Hannah Maxwell is a freshman forward from Forty Fort, Pa. In Spring 2020, Maxwell decided to graduate from high school early in order to train with the field hockey team at Wake Forest. However, she was unable to get in the true “grey shirt” experience due to the COVID-19 pandemic hitting the nation.
Delaney McSweeney: The first time you arrived at Wake Forest was when you grey-shirted last spring, right before COVID-19 broke out across the nation. Since you came a semester early, how did the lockdown affect the training that you were expecting to get by graduating from high school early?
Hannah Maxwell: Obviously, one of the main reasons that I chose to grey shirt was to get acclimated to both athletics and academics here at Wake before jumping straight into the season in the fall. However, as you mentioned, COVID sadly cut that time short — though I do not regret my decision one bit. Within just a few short weeks here, I was able to get a feel for the school and what life as a student-athlete is like here at Wake. Once we got sent home, we constantly had Zoom meetings and even leadership council meetings which I was able to be a part of. So, even though I was not able to be here at Wake, I was able to gain a ton of experience off the field which I think ultimately helped me to grow.
DM: To follow up on that, how have you grown and improved as a field hockey player since coming to Wake Forest last January?
HM: I have definitely seen improvements in my skills and game awareness, but I would have to say that I have grown the most just as a person. I’ve been able to make so many connections with my teammates, and I am constantly trying to learn how to better myself as a leader, both on and off the field.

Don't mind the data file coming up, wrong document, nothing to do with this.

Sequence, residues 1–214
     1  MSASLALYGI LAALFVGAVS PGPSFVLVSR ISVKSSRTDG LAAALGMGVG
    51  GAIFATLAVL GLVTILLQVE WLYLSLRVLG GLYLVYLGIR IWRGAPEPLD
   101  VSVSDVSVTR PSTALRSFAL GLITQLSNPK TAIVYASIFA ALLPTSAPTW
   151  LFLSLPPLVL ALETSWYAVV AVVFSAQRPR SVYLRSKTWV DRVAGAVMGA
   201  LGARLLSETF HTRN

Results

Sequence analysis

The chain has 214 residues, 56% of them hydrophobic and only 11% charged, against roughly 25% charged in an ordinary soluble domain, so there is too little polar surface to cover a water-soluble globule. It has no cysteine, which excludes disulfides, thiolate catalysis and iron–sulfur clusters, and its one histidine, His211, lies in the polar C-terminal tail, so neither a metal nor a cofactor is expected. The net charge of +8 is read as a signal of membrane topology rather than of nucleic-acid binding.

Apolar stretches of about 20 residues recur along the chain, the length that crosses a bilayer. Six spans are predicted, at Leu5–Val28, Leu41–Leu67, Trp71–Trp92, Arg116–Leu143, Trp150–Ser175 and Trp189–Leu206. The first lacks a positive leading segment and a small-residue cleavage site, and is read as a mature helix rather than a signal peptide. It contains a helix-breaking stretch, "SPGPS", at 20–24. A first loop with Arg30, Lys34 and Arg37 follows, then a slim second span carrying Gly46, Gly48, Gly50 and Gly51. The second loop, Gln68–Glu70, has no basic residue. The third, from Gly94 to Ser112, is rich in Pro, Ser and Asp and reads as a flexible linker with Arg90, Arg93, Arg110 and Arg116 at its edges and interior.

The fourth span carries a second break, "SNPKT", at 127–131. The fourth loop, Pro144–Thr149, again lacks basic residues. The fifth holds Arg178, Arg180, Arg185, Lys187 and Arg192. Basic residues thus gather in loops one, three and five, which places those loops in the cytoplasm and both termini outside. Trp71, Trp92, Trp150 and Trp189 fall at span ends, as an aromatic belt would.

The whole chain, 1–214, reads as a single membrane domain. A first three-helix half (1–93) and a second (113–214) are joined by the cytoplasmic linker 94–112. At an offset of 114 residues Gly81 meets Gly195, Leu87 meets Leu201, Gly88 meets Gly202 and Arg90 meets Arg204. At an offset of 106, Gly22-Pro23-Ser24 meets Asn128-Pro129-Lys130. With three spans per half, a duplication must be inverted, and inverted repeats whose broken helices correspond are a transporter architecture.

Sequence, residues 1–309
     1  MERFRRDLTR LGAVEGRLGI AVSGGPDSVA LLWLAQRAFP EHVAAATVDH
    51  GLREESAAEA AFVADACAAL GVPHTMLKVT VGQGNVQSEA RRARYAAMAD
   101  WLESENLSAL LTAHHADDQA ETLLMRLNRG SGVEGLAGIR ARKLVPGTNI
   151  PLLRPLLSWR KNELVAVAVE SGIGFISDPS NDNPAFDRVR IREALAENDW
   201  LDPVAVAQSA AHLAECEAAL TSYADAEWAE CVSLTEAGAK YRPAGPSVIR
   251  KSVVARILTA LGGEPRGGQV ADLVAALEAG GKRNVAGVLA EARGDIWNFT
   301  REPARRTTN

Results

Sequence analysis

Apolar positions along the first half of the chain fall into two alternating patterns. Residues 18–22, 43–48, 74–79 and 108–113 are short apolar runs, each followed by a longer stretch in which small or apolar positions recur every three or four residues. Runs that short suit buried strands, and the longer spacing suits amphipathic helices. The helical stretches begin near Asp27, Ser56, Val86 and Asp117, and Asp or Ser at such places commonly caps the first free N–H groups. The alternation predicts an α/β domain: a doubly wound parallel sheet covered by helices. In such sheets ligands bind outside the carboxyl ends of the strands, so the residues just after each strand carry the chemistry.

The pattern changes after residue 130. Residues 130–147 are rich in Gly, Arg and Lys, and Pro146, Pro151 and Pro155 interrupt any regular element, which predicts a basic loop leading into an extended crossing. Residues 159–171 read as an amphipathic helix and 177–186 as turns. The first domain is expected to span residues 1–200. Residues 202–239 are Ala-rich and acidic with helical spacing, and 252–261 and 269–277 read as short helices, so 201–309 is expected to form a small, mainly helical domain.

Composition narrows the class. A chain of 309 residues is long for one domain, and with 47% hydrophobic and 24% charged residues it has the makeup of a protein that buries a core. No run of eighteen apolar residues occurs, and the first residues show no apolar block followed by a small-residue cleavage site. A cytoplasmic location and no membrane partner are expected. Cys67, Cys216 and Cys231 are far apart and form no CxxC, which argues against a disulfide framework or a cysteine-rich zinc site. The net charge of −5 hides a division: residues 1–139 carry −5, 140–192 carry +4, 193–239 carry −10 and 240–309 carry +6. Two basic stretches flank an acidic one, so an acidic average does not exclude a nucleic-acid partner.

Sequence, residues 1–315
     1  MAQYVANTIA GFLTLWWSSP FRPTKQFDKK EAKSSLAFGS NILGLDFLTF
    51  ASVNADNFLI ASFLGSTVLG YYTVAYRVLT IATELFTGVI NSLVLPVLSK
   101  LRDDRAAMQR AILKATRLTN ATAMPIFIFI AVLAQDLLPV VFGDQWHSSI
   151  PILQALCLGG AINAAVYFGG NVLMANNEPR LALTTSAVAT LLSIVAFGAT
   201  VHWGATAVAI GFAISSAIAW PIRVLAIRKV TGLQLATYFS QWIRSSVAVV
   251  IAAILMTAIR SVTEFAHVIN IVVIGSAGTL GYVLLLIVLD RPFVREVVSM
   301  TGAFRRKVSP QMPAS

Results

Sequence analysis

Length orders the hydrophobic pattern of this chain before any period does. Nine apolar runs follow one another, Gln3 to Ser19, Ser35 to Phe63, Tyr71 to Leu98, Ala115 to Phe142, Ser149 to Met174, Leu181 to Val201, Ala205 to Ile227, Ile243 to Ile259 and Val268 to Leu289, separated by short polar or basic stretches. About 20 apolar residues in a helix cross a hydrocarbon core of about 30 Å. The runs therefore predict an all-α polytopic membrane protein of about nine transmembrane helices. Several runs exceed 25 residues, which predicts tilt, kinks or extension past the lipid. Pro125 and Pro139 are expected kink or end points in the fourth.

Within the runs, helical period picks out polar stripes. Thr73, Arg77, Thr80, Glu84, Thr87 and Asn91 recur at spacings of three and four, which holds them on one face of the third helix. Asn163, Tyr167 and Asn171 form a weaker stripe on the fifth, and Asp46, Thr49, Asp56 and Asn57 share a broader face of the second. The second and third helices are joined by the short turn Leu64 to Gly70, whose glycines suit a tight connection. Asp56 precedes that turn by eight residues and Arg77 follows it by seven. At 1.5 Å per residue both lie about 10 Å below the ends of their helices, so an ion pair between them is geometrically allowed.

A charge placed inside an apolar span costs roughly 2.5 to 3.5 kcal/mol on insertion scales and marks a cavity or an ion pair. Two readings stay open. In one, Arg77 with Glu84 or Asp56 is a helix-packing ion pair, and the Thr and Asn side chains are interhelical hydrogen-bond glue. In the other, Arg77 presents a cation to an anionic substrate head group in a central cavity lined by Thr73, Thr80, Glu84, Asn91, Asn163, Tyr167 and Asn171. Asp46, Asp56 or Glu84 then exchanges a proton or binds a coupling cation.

DM: Looking back at your younger years, what got you into playing field hockey, and who most
inspired you to begin playing and continue into college?
HM: I first started playing field hockey when I was about seven years old, and I instantly fell in love with the game. No one really inspired me to play hockey, however, the area I come from is a hotbed for field hockey. As my field hockey career progressed, I realized my potential to play at the next level in both college and for the U.S. National Team.
DM: Given the pandemic and its circumstances, how has your season been? To my understanding, the spring season is usually more laid back — has this year been different?
HM: As you mentioned, our regular season is usually played in the fall with our spring season being a time to get in better shape and work on tactical skills. However, with COVID-19 we had to make some adjustments. The ACC was the only conference that allowed field hockey to compete against other teams in the fall, which was incredible because we got a ton of experience playing against the best of the best. Personally, the fall season became a time for me to learn what playing at the Division 1 level was like. At first, it was difficult, but many teaching moments came from these games which ultimately helped me this spring.
DM: Do you have any pre-game rituals that help to prepare you for a match?
HM: I don’t have anything in particular that I do, but I always try to be the hype woman. Before games, you can usually find me dancing in the locker room or sending motivational quotes in our team’s group message. I try to get the team focused and ready to compete.
DM: What made you decide to come to Wake Forest, as I am sure that you had many other options on the table?